‘Benoit Marion?’ asks Rafe, leading him to the warmth, ‘are you French?’

‘French-Canadian. I’m from Montréal. Québec.’ He looks around, his blond curly hair jerking around his shoulders.

‘You don’t look French, or French-Canadian, Benoit. You look like an Aussie surfer with all that blond hair and suntan,’ Abby says, sizing him up.

‘I was over in Oz for a few months. Hardly out of the water.’

‘Ah, that explains it then,’ says Rafe. ‘Australia is a long way from Nantucket. What brings you here?’

‘I came here once for a summer holiday with my folks. I always remembered it. It looks a bit different in November, but it’s been good checking out the old haunts.’

‘So where are your folks now?’ Rafe asks.

Benoit tears up. ‘They were killed in a car accident while I was in Oz,’ he says quietly. ‘That’s what brought me back. I was planning to stay in Oz and work for a couple of years and hopefully stay there.’

'Any particular reason you chose Australia?’ asks Julian. ‘My mum is Australian, but Abby and I have never been there. Mum came over here on some teacher exchange to Canada. Met dad and they ended up here teaching on Nantucket.’

‘Well, I was adopted when I was a baby.’ Benoit was looking a little less frozen. ‘I’ve been tracing my mother and apparently she is Australian. I’d only just got started on my search when I had to come back to Montréal parents passed.’

‘Tough all round Benoit.’ Rafe cleared his throat.

‘Hey!’ Julian yelled. ‘I’m starving! Can we eat and talk? You must be starving Benoit.’

‘Yes,’ agreed Rafe. ‘Please come through to the dining room Benoit. Margo is just putting the finishing touches to dinner.’

'Margot? Would you believe that’s my birth mother’s name?’

Rafe stood still. He felt a tingle up his spine.

‘You all right, Dad?’ asked Abby, concerned at her father’s pale face.

‘Yes, I’m fine Abby. Let’s go, shall we?’

Benoit thought the table looked amazing with its snowy white napkins, silverware, bowls of flowers and nuts, but what impressed him most were the smells coming from the kitchen. It’d been a long time since he’d smelt real home cooking.

Margo appeared at the dining room door, face flushed, curls awry, carrying the roast turkey.
She saw the stranger standing there, but some instinct told her this was no stranger. She stumbled, the turkey teetered on its tray. Benoit rushed to help, just as Margot bent over.

Their heads bumped together.

Rafe, Abby and Julian looked on, amazed. The two heads were an identical shape. The curly blond hair was stunningly similar.

Margot and Benoit stood up slowly, holding the Thanksgiving turkey between them, apologising to each other. They looked into each other’s eyes. They each saw a startling blue with long dark lashes.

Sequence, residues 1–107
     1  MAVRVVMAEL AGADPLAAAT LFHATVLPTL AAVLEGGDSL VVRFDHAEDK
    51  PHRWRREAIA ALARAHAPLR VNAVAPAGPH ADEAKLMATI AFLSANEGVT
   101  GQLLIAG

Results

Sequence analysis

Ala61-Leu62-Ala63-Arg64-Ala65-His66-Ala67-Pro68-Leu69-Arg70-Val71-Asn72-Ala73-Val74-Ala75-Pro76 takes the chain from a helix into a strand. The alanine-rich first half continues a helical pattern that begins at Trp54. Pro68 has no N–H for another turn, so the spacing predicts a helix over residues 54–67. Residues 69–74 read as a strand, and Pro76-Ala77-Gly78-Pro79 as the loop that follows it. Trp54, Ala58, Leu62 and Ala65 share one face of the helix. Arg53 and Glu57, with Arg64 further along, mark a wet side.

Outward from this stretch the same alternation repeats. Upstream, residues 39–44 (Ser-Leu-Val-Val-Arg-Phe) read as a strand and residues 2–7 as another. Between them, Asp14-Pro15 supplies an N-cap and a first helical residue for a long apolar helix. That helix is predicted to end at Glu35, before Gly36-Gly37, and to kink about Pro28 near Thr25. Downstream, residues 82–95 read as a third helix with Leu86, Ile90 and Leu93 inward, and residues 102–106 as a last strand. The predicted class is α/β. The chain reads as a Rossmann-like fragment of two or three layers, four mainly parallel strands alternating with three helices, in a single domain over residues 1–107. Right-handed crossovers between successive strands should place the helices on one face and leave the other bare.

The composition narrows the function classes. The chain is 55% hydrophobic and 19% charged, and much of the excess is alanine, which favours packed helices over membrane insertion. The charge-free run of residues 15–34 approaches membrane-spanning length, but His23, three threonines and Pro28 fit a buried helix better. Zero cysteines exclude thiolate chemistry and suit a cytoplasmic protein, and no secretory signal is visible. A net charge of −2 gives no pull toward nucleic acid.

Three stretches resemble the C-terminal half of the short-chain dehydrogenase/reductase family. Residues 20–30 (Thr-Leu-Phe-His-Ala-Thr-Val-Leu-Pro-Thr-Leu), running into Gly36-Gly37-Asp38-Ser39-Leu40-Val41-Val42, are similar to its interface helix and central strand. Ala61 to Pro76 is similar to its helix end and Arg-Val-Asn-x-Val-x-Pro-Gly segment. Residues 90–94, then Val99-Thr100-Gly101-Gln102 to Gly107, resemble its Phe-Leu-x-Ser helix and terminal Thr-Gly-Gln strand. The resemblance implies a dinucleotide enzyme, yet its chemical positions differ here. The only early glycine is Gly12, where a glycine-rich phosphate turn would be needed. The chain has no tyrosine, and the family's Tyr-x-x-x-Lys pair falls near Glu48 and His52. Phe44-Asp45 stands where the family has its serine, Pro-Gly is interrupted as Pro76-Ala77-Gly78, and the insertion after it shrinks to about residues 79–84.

Rafe looked from one to the other. He was speechless. The kids were puzzled.

Everyone knew there was some mystery in the room.

‘So Benoit,’ Rafe asked carefully, clearing his throat, ‘have you always lived in Montréal?’

‘No sir. I was born in Australia.’

‘Really?’ Margot’s voice sounded like she was talking underwater.

‘So how did you end up in Montréal?’ Abby asked.

‘Mom and dad told me I spent the first month of my life in a Sydney hospital. I was put up for adoption. They chose me, then took me to live in Montréal for dad’s work. They never went back to Oz.’

‘When is your birthday, Benoit?’ Margot knew Benoit’s next words would probably change her life forever. Her heart was jumping around in her chest and she had strange flutterings in her throat.

‘Actually, today. I was born on Thanksgiving Day in 1987. In Sydney. Today happens to be the exact date again. The fourth Thursday in November, the 26th.’

‘Margot reached for Benoit but fell into a chair. Rafe bent down and hugged her. Benoit, Julian and Abby looked on, only half understanding what was happening.

Julian turned to Benoit, ‘Hey man, looks like you’re our family’s secret.’

‘Son,’ said a teary Rafe to a weepy Benoit, ‘you’ve come home.’

Rafe, Julian and Abby watched in wonder as mother and son embraced. Rafe knew they would never be parted again.

‘This calls for a celebration!’ shouted Rafe. ‘Julian, mix some of those Thanksgiving’s a Breeze Seabreezes. Even you and Abby can have a sip. There’ll never be a Thanksgiving to top this one!


©DeniseCovey 2010

Thanksgiving's a Breeze Seabreezes


1 cup orange juice
1 cup cranberry juice
1 cup vodka
Mint sprigs, for garnish


Mix all in a chilled pitcher filled with ice. Pour into chilled glasses and garnish with mint. If desired, place a dollop of leftover cranberry sauce in the bottom of each glass before filling with Seabreeze mixture.

Recipe courtesy Michael Chiarello and Food

  • In Australia the legal drinking age is 18 years. That's why I was careful to say the kids could only have a sip.
  • The kids are using 'mum' not 'mom' as Margot, being Australian, wants this form of address. Benoit uses 'mom' because his adoptive parents encouraged him to use it as they intending always living in Canada. My google research says Canadians use either 'mom' or 'mum'???